On the Perils of Food-buying in a Foreign Land
by Tony Eprile
I generally think of myself as an outsider. That has a lot to do with my having been wrenched out of the country I was born in, South Africa, and moved to England at a tender age, then having lived on both coasts of the U.S. and the middle as well. When I visit my birth country, people assume I am American. Here, in the States, I am often asked: “Is that a real British accent?” Depending on my mood, I’ll either explain that there is no such thing as a “British” accent, that what they’re hearing is a very defined portion of north-west London, plus a colonial overlay. Or, if I’m feeling marginally less cooperative, I’ll say: “It’s fake. Everything about me is fake. You caught me out.”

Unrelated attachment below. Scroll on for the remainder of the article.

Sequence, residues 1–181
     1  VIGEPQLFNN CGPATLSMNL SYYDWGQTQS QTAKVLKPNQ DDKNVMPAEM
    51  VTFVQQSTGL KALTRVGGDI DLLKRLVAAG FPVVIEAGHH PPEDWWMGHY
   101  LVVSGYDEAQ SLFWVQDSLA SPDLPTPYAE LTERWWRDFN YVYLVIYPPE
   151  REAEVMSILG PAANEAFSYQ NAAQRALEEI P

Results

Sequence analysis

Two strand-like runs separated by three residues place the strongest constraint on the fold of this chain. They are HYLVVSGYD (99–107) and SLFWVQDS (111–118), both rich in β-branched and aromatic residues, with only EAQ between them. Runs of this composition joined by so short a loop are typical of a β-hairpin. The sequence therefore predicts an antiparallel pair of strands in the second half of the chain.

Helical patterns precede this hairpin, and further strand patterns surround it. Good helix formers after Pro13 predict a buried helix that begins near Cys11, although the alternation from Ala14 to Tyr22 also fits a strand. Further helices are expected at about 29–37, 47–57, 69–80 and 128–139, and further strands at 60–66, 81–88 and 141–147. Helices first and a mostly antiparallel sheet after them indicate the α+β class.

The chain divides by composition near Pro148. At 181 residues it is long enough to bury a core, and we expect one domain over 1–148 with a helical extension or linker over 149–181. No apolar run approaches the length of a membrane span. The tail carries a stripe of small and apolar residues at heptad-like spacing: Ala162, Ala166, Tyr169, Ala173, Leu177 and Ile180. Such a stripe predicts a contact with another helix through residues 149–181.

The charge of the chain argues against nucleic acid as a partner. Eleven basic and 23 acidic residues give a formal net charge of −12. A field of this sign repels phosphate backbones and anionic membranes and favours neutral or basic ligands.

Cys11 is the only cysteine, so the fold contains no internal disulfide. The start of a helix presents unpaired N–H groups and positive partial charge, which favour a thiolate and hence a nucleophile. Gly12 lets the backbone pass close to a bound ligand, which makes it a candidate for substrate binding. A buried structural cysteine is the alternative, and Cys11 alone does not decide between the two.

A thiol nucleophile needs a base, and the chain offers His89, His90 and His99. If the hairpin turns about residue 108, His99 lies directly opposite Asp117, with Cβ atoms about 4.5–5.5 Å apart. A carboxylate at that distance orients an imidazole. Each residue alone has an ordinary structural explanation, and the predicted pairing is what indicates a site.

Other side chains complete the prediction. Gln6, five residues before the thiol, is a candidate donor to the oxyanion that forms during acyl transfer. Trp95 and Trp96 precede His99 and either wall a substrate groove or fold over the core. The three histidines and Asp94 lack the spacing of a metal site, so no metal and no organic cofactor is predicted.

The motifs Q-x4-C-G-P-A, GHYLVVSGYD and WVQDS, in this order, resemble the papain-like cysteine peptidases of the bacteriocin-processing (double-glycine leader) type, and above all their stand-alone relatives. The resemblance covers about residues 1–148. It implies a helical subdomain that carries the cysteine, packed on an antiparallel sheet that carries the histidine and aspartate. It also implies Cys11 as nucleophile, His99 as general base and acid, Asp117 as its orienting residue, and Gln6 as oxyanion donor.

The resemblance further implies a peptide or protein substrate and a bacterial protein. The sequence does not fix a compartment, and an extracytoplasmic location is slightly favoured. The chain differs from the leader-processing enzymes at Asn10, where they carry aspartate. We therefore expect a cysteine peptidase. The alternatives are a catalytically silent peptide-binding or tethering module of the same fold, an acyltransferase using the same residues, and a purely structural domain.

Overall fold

So when I move to Israel to teach for three months, I choose to live in an Arab neighborhood, albeit one that is going through a transition as Israeli Jews and foreigners are moving in. That way I get to fully indulge in my outsiderness. I've always felt that to really get under the skin of a place, you need to observe it from a perspective of some isolation. I’m a secular, English-speaking Jew with only the tiniest smattering of Hebrew gleaned from sitting in on my brother’s bar mitzvah lessons (I refused to have a bar mitzvah myself, partly because I’m an agnostic but mostly because the religious texts are horribly inaccurate about snakes and I happen to like snakes). I don’t keep the Sabbath, and I also eat all kinds of forbidden foods. (My religious relatives won’t eat anything off my plates, and when I searched for an apartment in Israel, I immediately scored out the ads that boasted of a kosher kitchen.) Many Israelis, I find, also eat forbidden foods— a small wine bar in a Tel Aviv back street serves the best calamari dish I have ever eaten. Living in Jaffa, I get to be aphasic in the two local languages—Arabic and Hebrew—and I have to be careful to whom I apply my tiny vocabulary in each of these tongues…the dark-skinned, Arab-looking gentleman selling pita bread gets very annoyed with me when I show gratitude with shukran instead of toda rabah. “No Ah-rab!” he yells at me. “Ivrit, ivrit.” But secretly, I think, I enjoy such mistakes. They’re a confirmation that I don’t belong, and I just may subconsciously seek them out in my determination to avoid the complacency that comes with comfortably belonging.